We might be in the minority in saying that Jack White’s a bit of a traditionalist. Don’t dismiss this statement from the outset: we think his new album Lazaretto upholds certain rock ‘n’ roll traditions and pays homage to its values, history, heroes and legends - without sounding outdated. Yet the record also oozes blues sounds, fifties rock, rockabilly, southern soul, country and garage rock.
The ex-White Stripes frontman’s style has evolved since his spectacular first solo album ‘Blunderbuss’ in 2012, and Lazaretto does not disappoint in its thoughtfully crafted chaos (the album took one and a half years to make, which is an eternity when you recall that the ‘Elephant’ album only took three days from scratch). White’s trademark guitar prowess is still very much present (notably in ‘High Ball Stepper’ and ‘Lazaretto’), but it’s clear he wants to avoid falling into the category of post-Zeppelin rock, which is just as well since it would be unnecessarily restricting, given the scope of White’s influences.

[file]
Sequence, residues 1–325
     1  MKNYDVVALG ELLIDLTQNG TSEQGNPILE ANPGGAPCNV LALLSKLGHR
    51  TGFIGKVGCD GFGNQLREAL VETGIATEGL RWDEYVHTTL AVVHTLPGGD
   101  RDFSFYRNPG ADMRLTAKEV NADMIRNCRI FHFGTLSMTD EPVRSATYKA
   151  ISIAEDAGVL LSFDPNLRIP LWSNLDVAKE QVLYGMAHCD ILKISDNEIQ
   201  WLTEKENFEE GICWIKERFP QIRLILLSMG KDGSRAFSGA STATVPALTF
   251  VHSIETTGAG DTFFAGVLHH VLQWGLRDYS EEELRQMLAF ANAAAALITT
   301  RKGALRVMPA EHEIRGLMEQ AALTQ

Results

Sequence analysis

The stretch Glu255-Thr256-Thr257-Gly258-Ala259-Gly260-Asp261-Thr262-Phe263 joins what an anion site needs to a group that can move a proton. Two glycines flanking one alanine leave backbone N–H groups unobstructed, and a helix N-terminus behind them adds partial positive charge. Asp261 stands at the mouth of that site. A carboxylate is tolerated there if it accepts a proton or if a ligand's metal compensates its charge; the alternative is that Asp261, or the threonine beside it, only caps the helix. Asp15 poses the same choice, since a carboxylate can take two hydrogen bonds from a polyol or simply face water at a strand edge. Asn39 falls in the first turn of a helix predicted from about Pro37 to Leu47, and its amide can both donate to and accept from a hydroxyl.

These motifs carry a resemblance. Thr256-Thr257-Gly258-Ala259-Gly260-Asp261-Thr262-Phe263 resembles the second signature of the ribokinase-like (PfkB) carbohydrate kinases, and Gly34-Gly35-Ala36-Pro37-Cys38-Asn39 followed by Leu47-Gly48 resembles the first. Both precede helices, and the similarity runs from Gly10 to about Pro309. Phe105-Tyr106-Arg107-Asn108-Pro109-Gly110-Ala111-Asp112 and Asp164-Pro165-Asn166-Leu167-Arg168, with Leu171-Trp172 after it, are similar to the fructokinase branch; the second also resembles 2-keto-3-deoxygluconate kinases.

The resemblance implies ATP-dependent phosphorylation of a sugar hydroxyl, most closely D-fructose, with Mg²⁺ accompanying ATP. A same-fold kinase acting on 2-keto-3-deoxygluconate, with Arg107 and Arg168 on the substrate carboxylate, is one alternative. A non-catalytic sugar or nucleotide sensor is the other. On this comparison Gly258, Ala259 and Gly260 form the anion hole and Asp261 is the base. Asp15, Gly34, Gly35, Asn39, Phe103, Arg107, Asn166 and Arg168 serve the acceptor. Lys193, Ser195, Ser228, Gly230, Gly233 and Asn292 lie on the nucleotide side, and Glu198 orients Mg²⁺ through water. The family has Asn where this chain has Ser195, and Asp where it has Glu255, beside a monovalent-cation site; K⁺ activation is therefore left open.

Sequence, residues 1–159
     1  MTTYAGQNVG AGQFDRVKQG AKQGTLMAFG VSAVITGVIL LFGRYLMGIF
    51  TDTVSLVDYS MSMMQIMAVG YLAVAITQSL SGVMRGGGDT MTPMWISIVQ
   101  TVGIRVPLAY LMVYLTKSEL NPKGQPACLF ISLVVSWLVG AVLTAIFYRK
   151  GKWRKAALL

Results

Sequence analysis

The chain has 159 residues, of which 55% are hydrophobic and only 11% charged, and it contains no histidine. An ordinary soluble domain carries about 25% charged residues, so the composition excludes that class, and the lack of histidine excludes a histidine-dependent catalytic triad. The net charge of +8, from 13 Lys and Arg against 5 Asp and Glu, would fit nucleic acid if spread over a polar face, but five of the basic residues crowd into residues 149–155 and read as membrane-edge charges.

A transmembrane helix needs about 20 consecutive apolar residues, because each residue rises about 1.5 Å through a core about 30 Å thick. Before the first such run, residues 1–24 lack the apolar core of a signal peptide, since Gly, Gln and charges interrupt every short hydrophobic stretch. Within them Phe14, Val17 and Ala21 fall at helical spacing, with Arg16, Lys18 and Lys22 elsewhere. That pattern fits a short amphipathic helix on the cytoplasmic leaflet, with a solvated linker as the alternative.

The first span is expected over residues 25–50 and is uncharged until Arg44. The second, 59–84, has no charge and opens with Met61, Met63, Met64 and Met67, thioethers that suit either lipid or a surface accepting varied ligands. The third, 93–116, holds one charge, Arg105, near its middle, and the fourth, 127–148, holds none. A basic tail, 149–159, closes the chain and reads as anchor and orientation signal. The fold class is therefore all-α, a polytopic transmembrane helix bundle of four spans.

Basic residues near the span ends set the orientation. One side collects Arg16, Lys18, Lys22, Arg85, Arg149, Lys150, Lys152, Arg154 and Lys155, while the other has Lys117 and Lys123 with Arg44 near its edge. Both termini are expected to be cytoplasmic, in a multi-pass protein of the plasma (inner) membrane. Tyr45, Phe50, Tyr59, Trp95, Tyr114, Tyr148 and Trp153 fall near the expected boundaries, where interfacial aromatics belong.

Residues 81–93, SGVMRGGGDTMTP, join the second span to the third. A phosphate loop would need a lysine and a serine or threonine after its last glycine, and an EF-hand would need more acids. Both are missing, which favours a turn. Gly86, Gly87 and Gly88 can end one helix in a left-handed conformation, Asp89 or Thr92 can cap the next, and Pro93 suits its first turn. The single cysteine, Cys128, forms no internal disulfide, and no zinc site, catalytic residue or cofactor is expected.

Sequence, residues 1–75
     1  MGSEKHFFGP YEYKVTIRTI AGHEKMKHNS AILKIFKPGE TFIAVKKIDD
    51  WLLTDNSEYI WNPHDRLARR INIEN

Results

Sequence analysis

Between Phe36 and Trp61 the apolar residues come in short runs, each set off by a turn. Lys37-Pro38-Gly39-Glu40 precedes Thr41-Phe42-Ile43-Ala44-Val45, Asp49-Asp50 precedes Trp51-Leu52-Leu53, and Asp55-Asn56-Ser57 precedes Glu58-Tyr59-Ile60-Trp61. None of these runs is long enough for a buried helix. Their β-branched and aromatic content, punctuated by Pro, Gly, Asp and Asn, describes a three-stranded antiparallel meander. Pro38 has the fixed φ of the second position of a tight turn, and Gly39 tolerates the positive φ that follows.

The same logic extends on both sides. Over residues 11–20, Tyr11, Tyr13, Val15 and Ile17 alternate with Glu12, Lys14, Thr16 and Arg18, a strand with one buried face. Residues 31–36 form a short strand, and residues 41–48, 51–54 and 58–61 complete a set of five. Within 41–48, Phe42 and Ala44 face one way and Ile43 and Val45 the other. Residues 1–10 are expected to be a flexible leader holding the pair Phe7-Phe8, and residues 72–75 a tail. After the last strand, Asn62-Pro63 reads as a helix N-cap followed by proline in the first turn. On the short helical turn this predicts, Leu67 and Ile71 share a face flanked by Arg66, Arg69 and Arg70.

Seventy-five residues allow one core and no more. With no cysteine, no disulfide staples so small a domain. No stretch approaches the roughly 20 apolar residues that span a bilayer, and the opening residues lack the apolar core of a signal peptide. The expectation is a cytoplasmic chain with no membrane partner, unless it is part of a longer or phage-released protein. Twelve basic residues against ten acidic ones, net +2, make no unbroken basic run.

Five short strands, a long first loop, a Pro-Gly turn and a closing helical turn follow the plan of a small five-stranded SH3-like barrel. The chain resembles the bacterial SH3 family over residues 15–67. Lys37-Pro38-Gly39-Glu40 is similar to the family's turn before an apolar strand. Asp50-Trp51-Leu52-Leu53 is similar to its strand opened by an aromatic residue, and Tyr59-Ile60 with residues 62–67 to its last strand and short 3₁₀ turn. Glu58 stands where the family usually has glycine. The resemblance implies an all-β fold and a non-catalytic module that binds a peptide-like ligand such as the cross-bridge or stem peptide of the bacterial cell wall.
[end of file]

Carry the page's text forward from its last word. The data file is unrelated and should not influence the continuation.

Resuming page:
Lazaretto’s eclecticism might seem a little baffling at first, but after a few listens you’ll come to the conclusion that each composition stands on its own two feet. Jack White reminds us that he’s a master songwriter, and with the release of his second solo album, it’s clear he is still has stories to tell... Available to stream, or download in Studio Masters quality now on Qobuz.